So in the Duplass version, two extremely competitive brothers spent three days of their youth competing in a twenty-five-event challenge to determine which of them was, well… the better brother. The events comprised of games of skill and mild athleticism: everything from laser tag to arm wrestling. Unfortunately, they never finished their Do-Deca-Pentathlon because their dad prematurely ended their tie-breaking breath-holding contest. It’s unlikely that a definitive result would have solved anything anyway. Mark (the responsible family man with some stress-related health problems) and Jeremy (the perpetual manchild with zero responsibilities) have issues that run much deeper.

When Jeremy realizes he’s been left off the guest list for Mark’s birthday weekend at their mother’s house, he decides to crash the party. He doesn’t have any particular designs when he arrives other than to make everyone feel guilty for leaving him out. But when he finds that a video of the original Do-Deca has been taped over, it drives his gaping wounds even further open. Eventually, Jeremy succeeds in goading Mark into a rematch, though it must happen behind his disapproving wife’s back. Never mind the fact that some of Mark’s health problems might stem from his pathological competitiveness which Jeremy awakens in him like lycanthropy on a full moon.

Mark’s pre-pubescent son, on the other hand, is excited to see a more manly side of his father and conspires to help them complete their goal. Cue the hilarious events montages as Mark and Jeremy take to the ping-pong table like their lives depend on it. As the weekend progresses, the competition escalates and it threatens to tear the family apart. Eventually, they must choose between the family’s happiness and determining once and for all which brother is the true champion.

The Duplasses put “Do-Deca” on the back burner when they started working on their career-making film, “Cyrus,” and there is probably a reason for that. At times, it feels like a throwback to their more momentous work. But even though some of the dramatic beats feel a little simple, it’s only because they’re capable of so much more. Or perhaps they are trying to argue that sometimes we can be so stuck with the bad traits we developed in our youth that we don’t always see the error of our ways until it’s reflected in the disappointed faces of our loves ones. Besides, even a sub-par Duplass film is still better than most mainstream comedies. I just wish they’d stop stealing our ideas.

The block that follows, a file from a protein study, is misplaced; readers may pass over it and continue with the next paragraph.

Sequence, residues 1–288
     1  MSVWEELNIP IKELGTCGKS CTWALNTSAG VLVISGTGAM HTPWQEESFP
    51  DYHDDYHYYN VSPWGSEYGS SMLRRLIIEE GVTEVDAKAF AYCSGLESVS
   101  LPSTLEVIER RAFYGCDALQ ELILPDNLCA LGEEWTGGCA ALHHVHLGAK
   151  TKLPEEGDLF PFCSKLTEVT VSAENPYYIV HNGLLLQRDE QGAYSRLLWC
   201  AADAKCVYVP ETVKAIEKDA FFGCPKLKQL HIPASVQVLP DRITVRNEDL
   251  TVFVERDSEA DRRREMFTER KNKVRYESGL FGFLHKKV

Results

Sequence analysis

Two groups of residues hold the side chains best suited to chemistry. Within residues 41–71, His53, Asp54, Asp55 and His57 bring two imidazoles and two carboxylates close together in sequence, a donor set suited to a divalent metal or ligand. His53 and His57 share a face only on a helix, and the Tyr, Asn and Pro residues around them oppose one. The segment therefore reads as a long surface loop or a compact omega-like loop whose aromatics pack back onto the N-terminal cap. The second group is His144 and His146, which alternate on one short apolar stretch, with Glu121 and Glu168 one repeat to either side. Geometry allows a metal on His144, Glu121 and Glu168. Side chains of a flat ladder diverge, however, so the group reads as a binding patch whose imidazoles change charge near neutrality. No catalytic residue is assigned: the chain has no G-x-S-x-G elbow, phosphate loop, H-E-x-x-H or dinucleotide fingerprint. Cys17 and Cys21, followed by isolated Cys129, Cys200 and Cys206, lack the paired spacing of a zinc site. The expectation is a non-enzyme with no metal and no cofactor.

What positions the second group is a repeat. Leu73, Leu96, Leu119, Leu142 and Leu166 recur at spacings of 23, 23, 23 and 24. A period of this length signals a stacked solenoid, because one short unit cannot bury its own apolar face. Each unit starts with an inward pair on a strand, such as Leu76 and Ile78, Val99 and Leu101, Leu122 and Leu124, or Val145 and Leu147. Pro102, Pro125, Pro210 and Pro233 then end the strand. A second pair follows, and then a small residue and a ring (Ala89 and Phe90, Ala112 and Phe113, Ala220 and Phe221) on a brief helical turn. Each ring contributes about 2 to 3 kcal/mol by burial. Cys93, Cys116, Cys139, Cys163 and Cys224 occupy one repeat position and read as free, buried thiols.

Originally published on (now defunct).

SXSW Review: Small Apartments

94 minutes


There are a couple of literary character comparisons which are proven to sell me on a movie. One of them is the protagonist of John Kennedy Toole’s novel, “A Confederacy of Dunces.” Unfortunately, these references almost always set up standards that are impossible to meet. When the synopsis of “Small Apartments” compared its central character to the scholarly but socially incompetent butterball, Ignatius J. Reilly, I should have known it would be a stretch.

But I just couldn’t help myself. And now I will never be able to bleach the image of Matt Lucas’ scantily clad Pillsbury Doughboy body out of my mind. You don’t have to make the same mistake. Trust me when I tell you that Franklin Franklin is no Ignatius J. Reilly. He’s much, much worse. This makes him 100% unsympathetic and not the least bit fun to watch.

Franklin Franklin’s eye-rolling moniker is just the tip of the iceberg in terms of irksome traits. He is fat, pale and as hairless as the bowling ball that is allegedly responsible for evacuating his follicles. He’s self-conscious enough about being bald that he keeps a selection of wigs by his front door, but he has no qualms about roaming the streets in nothing but knee socks and baggy whities. He fantasizes about living in Switzerland while he bellows into his enormous Alp horn, much to the annoyance of his neighbors. He consumes nothing but pickles and a specific brand of soda. He neglects his talking dog. Every day, he receives an envelope in the mail from his hereditarily superior, but clinically insane, brother Bernard (James Marsden). This envelope always contains a homemade self-help recording and some toenail clippings. Are you tired of quirks yet? Writer Chris Millis was clearly trying to create a memorably eccentric character. But he neglected to give Franklin any qualities that would make him empathetic.

A lame character begets lame plot points. Millis designed every gag to be either shocking or wacky. In between jokes, he tried to pack in some notes of sincerity. Some of it even works, but the actors deserve most of the credit for that success. You know you’re in bad shape when it feels like Johnny Knoxville and Billy Crystal are being underutilized. Crystal’s jaded alcoholic fire investigator and James Caan as a widower gothic painter have a solid scene together.